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Paintings > Thangka > Ten-Armed Dancing Avalokiteshvara
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Ten-Armed Dancing Avalokiteshvara

Ten-Armed Dancing Avalokiteshvara

Ten-Armed Dancing Avalokiteshvara

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Tibetan Buddhist Thangka Painting

7.5" x 10.5"
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$215.00   Shipping Free - 4 to 6 days
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Viewed 10028 times since 2nd Oct, 2008
This handsome thangka portrays the ten-armed dancing Avalokiteshvara, the manifestation of the compassion of all Buddhas. He is considered to be the spiritual offspring of Amitabha and is a very popular deity of Mahayana Buddhism. His cult is prevalent in all Buddhist countries. Avalokiteshvara is supposed to have been incarnate in the Tibetan king sRong-tsan-sgam-po, as well as in every successive Dalai Lama, and is the principal tutelary deity of Tibet.

There are 108 different forms of Avalokiteshvara, each with his own mantra. The present image has a feminine appearance which reminds one of his female form in China, Korea, and Japan. In China and Korea he is generally known as Kuan-Yin while in Japan, Kannon. His face is round and very sweet looking, and alert, gentle and serene. The eyelids are lowered in an introspective gaze and there is a small urna or circle between the eyebrows. His nose is slight flat and thin, and his petal-shaped mouth exhibits a slight smile. A combination of power, beauty, calm, and wisdom pervades this face, which in its mildness completely welcomes the beholder. He is dancing in ardhaparyanka on a moon disk placed on a lotus throne amidst the mountains. His upper right hand holds a vajra above his head, while the principal right hand is in a teaching gesture. The remaining right hands hold a rosary, arrow, and a lotus flower, respectively. The first upper left hand carries a club, his second left hand holds a bow, and his third left hand carries a goad, his fourth left hand holds a ghanta (bell), and his lower left hand is in boon-granting gesture. A deer-skin hangs down his left shoulder, which symbolizes compassion and thus identifies him.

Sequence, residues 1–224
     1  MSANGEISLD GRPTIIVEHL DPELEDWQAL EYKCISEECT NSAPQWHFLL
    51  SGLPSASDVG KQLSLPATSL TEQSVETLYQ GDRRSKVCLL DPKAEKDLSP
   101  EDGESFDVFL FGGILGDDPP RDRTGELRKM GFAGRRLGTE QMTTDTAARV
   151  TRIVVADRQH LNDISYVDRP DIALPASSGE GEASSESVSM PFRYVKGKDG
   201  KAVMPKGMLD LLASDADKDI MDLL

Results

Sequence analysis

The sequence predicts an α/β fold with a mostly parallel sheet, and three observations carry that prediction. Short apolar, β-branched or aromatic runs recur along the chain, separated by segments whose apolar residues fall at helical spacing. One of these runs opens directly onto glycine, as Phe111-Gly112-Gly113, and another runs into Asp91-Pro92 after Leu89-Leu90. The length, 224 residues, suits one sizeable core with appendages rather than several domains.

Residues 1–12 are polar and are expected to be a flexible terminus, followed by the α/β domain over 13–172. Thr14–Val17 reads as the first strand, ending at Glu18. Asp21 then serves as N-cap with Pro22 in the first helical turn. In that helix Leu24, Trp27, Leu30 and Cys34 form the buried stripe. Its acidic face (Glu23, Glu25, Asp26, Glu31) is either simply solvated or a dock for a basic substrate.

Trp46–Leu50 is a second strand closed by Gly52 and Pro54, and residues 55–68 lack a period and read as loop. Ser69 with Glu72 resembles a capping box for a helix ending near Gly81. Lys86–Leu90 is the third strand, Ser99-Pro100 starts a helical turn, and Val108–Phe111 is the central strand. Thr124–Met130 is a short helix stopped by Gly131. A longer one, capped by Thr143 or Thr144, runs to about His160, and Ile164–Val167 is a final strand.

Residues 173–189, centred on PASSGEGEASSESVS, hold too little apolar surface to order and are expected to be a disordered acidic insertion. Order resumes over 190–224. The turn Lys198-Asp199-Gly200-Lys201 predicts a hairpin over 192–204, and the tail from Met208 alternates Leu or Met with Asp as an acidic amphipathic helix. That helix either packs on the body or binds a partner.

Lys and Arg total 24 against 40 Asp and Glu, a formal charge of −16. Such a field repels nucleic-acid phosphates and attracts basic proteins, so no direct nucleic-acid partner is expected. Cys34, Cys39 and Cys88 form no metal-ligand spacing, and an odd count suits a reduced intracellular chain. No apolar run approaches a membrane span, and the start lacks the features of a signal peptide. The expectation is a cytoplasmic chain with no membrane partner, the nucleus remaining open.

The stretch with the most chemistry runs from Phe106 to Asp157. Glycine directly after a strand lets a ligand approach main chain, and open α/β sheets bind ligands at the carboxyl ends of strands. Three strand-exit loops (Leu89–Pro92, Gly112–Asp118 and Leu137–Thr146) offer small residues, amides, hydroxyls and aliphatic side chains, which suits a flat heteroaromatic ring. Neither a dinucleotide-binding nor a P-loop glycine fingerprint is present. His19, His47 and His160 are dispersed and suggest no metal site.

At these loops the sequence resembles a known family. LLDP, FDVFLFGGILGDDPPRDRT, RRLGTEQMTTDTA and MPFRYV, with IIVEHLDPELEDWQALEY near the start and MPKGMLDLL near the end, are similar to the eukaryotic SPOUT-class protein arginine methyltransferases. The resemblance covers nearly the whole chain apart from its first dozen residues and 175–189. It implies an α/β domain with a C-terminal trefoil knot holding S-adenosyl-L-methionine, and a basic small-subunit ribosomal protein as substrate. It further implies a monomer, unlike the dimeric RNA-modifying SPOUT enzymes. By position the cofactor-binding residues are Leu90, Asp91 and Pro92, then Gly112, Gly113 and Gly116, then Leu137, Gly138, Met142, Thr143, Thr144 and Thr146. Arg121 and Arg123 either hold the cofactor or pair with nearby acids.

The figure is richly ornamented with an exquisitely designed crown, a necklace and earrings, bracelets, a long garland, anklets, and flowing scarf and dhoti. There is a mandorla and halo behind his body and head, respectively, against a tree. At the center top of the halo, Garuda is holding a snake in its humanlike hands; there is a dragon on the right of Garuda.

The present form of Avalokiteshvara is generally worshipped to bring long life, prosperity, and ample progeny. He is also invoked by the imprisoned and by the childless. Moreover, he helps to bring all beings from the six realms into enlightenment. This thangka is very much suitable for the sadhana and ritual of Avalokiteshvara.


Alice Getty, The Gods of Northern Buddhism, Tokyo, 1962

L.A. Waddell, Buddhism & Lamaism of Tibet, New Delhi, 1979 (reprint)

M.M. Rhie & R.A.F. Thurman, World of Transformation: Tibetan Art of Wisdom and Compassion, New York, 1999

This description by Dr. Shailendra Kumar Verma, Ph.D. His doctorate thesis being on the "Emergence and Evolution of the Buddha Image (From its inception to 8th century A.D)."

Click Here to View the Thangka Painting along with its Brocade

Delivered by to all international destinations within 3 to 5 days, fully insured.

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